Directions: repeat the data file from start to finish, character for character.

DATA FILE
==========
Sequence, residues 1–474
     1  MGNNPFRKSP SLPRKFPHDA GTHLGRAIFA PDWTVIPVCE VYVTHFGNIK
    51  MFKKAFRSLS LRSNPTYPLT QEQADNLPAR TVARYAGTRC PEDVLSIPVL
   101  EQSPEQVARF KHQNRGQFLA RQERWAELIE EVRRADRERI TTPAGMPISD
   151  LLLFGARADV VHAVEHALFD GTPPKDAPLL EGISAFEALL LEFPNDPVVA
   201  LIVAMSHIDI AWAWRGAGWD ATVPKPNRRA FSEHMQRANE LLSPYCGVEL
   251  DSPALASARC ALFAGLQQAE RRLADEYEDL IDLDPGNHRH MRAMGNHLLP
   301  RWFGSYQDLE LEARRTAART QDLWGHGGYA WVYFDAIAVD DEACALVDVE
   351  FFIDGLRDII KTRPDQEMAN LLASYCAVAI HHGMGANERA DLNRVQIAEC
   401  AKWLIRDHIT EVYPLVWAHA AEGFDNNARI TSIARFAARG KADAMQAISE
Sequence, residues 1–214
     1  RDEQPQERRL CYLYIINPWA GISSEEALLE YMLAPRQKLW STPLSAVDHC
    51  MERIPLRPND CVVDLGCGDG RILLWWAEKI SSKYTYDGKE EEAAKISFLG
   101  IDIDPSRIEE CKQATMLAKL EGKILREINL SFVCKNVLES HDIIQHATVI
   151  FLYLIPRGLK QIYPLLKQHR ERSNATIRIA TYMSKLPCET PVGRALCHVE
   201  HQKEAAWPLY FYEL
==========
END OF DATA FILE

Sequence, residues 1–474
     1  MGNNPFRKSP SLPRKFPHDA GTHLGRAIFA PDWTVIPVCE VYVTHFGNIK
    51  MFKKAFRSLS LRSNPTYPLT QEQADNLPAR TVARYAGTRC PEDVLSIPVL
   101  EQSPEQVARF KHQNRGQFLA RQERWAELIE EVRRADRERI TTPAGMPISD
   151  LLLFGARADV VHAVEHALFD GTPPKDAPLL EGISAFEALL LEFPNDPVVA
   201  LIVAMSHIDI AWAWRGAGWD ATVPKPNRRA FSEHMQRANE LLSPYCGVEL
   251  DSPALASARC ALFAGLQQAE RRLADEYEDL IDLDPGNHRH MRAMGNHLLP
   301  RWFGSYQDLE LEARRTAART QDLWGHGGYA WVYFDAIAVD DEACALVDVE
   351  FFIDGLRDII KTRPDQEMAN LLASYCAVAI HHGMGANERA DLNRVQIAEC
   401  AKWLIRDHIT EVYPLVWAHA AEGFDNNARI TSIARFAARG KADAMQAISE
Sequence, residues 1–214
     1  RDEQPQERRL CYLYIINPWA GISSEEALLE YMLAPRQKLW STPLSAVDHC
    51  MERIPLRPND CVVDLGCGDG RILLWWAEKI SSKYTYDGKE EEAAKISFLG
   101  IDIDPSRIEE CKQATMLAKL EGKILREINL SFVCKNVLES HDIIQHATVI
   151  FLYLIPRGLK QIYPLLKQHR ERSNATIRIA TYMSKLPCET PVGRALCHVE
   201  HQKEAAWPLY FYEL